esop move left. Aesop move in. Aesop move right. Stop." A black robotic arm positions itself in response to the surgeon's voice commands. At the end of the arm, a thin, silver tube juts through the patient's belly. His organs are displayed on a TV monitor while the surgeon operates two foot-long scissor-like instruments which also protrude into the patient.
Laparoscopy is a minimally invasive surgical method which requires only three small one-inch cuts to be made in a patient, as opposed to a six-inch incision across the abdomen for gallbladder removal surgery, for example. The procedure is less painful for the patient who often can return home the next day.
Before AESOP, a second person was needed to hold the camera, which is inserted into a patient during the procedure. But the surgeon was hampered by communication difficulties involved with having a second person hold the camera. Imagine trying to paint while someone else holds up the canvas for you. In surgery, your tools are attached to a sometimes unsteady camera arm. A three-hour or so surgery can become a grueling operation, trying to watch a shifty picture and direct a surgical operation at the same time.
Then there's the frustration involved in barking out commands: "Left, down, move in a bit. No, I said left!"
Computer Motion Inc.'s AESOP solves all that, and gives the surgeon even more functionality than ever before.
In purely mechanical terms, it solves the counter-intuitive problem of having to move the camera arm down whenever the surgeon wants the screen shot to pan up. When the surgeon tells the robot to pan up, it reacts in accordance with the monitor. Tell AESOP to remember its position and it will return you there on command. And it allows surgeons to perform solo surgery, certainly a blessing in today's cash-strapped health care market.
Wang demonstrates the procedure on a fake cadaver. Its plastic insides show up on the nearby video monitor. The first generation AESOP, the 1000, uses a foot control, which Wang ably operates. Then he dons the headset of the 2000. "Welcome to AESOP," the robot greets in the standard computerized voice. Warm, yet metallic. The robotic arm responds gracefully to Wang's voice commands.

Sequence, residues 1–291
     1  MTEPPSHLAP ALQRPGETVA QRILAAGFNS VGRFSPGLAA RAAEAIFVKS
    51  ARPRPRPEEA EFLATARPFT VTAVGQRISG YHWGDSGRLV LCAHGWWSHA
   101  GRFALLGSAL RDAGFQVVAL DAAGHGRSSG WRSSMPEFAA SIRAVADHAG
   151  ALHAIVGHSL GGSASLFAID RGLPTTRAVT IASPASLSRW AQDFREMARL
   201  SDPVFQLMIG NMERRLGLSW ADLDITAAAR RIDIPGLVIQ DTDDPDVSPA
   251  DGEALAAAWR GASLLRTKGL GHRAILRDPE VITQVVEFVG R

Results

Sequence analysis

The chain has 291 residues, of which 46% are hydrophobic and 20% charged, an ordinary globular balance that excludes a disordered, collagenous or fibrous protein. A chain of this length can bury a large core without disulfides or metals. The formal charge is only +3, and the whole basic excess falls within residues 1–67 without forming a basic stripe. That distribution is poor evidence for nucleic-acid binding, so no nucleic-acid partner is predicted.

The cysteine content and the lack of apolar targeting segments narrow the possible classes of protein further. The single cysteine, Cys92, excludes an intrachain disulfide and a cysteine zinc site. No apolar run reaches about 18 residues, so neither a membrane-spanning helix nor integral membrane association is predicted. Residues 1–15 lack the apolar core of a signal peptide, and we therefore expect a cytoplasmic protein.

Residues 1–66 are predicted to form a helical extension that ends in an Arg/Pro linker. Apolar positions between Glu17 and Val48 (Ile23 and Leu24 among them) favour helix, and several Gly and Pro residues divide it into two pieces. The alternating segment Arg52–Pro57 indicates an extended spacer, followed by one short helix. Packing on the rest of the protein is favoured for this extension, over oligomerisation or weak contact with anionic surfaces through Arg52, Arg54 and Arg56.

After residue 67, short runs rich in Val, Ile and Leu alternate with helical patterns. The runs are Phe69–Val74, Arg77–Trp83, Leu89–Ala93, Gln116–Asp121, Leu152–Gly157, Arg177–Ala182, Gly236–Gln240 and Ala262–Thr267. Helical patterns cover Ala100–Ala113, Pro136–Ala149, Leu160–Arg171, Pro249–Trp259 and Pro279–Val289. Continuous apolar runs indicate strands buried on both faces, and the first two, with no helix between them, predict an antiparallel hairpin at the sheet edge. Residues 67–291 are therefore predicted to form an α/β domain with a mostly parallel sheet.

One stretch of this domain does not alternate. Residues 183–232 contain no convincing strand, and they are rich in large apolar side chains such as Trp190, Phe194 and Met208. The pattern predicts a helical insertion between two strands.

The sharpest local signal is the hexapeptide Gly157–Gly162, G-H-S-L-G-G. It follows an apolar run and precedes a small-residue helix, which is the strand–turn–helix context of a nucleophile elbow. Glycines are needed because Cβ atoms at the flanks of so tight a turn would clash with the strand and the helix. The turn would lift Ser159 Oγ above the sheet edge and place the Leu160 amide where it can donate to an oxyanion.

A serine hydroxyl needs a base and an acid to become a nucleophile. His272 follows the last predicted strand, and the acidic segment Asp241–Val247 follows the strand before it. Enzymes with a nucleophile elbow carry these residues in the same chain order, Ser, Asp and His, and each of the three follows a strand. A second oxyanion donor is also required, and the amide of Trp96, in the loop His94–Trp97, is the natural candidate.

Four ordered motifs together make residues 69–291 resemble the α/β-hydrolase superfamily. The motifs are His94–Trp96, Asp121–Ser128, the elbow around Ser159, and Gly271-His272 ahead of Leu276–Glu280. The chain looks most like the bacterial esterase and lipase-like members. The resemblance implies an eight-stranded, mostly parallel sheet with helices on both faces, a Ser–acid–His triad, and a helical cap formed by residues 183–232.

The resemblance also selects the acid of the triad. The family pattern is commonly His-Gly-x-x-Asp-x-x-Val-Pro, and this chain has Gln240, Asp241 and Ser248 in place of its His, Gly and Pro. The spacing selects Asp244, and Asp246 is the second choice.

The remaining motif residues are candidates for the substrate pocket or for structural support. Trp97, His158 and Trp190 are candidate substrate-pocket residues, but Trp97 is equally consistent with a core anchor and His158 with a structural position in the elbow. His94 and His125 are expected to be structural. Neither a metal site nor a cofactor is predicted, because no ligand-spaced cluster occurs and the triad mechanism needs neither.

Wang lays out some history as he maneuvers around the patient's vital parts. "Laparoscopy hit a real step function in 1989 with the development of the laparoscopic gall bladder procedure," he says. "600,000 of those are done a year in the U.S. alone. That one procedure created a multi-billion dollar market."
In 1991, Wang and his associates were banging their heads against the wall looking for a product opportunity. Wang had already created a new 3-D chip architecture specialized in doing vector calculations. The architecture allowed an advanced manipulation of the mathematical equivalents of positions, velocities, accelerations, forces and torques--calculations necessary for 3-D graphics and robotics. All well and good, but where exactly would it be used? Computer Motion searched the market place.
When Wang saw how medical costs were rising, when he saw that health care was predicted to be 20% of the GNP by the year 2000, he knew he'd found his market. "I said 'Holy cow, that's where all the money's going,'" says Wang.
"I started talking to friends I knew who had taken the route of medicine. I learned about laparoscopy. I eventually latched onto this concept of a scope-manipulating robot that would add capabilities to the surgeon to really give that surgeon a third arm."
The FDA only recently approved AESOP 2000, the voice-controlled version, at the end of last June. It is the first voice-controlled medical robot on the market, the culmination of over ten years of technological development, begun during Wang's Ph.D. at UC Santa Barbara. Not a doctor--and without any previous medical background--Wang now leads the surgical room into the future.
"Don't take a picture of that," Wang cautions. "That's not for the public yet." That is Wang's next step in turning the operating room into something a little more user-friendly for surgeons.
Much of minimally invasive surgery requires the sewing of tissue done from a position outside of the body. It's a surgical technique that requires an incredible amount of dexterity and one which most surgeons won't and can't perform. Now, Computer Motion is transforming a surgeon's minimally invasive shears into robotically controlled instruments. The shears are activated by the surgeon, but inside the body, they move with the steadiness and precision one would expect from a robot. Even Wang is able to maneuver a needle no bigger than a standard staple through the fake organ and back out. And he's no doctor.
He is, however, a surfer, and like any good surfer worth his wax, he stresses the importance of the "quality of life." Computer Motion is located in Goleta, California for a very good reason: the weather's nice and the surf is usually up. Isla Vista, one of the Seven Party Wonders of the World, is just to the west, on the water.
More importantly, however, is the company's proximity to UC Santa Barbara. That's where Wang found Bob Duggan, the company's first major source of capital, outside of two Small Business Innovative Research grants from NASA and the National Science Foundation. And a good portion of the people working for Wang at Computer Motion were fellow Ph.D.'s studying at UCSB's Center for Robotics Systems and Microelectronics. PAGE 2